Jamie Hubley's family continues fight against suicide
A year after his son took his own life, Allan Hubley says the family continues to push forward with suicide prevention work in Jamie Hubley's memory.
"It's been a difficult year. … I'd love to have my boy back," Hubley told CBC News Sunday, a year after 15-year-old Jamie Hubley's suicide. "But we got through this year, and we think that some good things have come out of our tragedy, that people are more aware of bullying and youth mental health issues."
Those issues have motivated MP Dany Morin to introduce a motion calling for the creation of an all-party commitee to study and establish guidelines against bullying.
The motion comes on the heels of the death of Amanda Todd in Vancouver. She also took her own life after being bullied.
Hubley says funding, not more studies, is needed
But Hubley said the government needs to focus its efforts and money on where help is needed most, not on committees.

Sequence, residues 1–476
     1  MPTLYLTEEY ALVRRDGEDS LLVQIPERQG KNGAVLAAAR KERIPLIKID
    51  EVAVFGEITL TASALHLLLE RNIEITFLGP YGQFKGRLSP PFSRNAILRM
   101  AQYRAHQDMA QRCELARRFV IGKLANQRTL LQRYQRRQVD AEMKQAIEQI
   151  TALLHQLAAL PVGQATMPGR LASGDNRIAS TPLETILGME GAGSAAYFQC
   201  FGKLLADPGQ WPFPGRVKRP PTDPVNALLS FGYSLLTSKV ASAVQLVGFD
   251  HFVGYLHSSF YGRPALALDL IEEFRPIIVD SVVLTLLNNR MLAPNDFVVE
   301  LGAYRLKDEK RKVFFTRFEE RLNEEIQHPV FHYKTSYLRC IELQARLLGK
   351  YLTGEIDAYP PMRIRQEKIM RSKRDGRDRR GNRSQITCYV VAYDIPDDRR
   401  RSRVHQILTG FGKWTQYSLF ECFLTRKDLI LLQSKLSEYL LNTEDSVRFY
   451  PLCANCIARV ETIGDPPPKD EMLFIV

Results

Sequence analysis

"With all due respect, I think we have enough studies, I think we have a definition on bullying … our governments have a lot of information available to them on bullying," Hubley said. "I don't think we need more information. … We can't wait a year for action. What we need is action now. If there's money available we should find a way to get that into the frontline troops," including the Youth Services Bureau.
"We can't rely on parents to be able to watch their children every moment of the day, we can't rely on teachers to be the only ones policing the hallways of the schools and the washrooms, and you can't always have your best friend beside you," he said.
"You have a kid in crisis, you don't want to wait six hours. You want help now."
Before he died, Jamie Hubley wanted to create an anti-bullying group at his school.
His family continues that effort.
"Do something yourself to stop bullying. Don't wait for someone else to step up and do it. Do it yourself, talk to your friends, your family about what can we do to stop it," Allan Hubley said.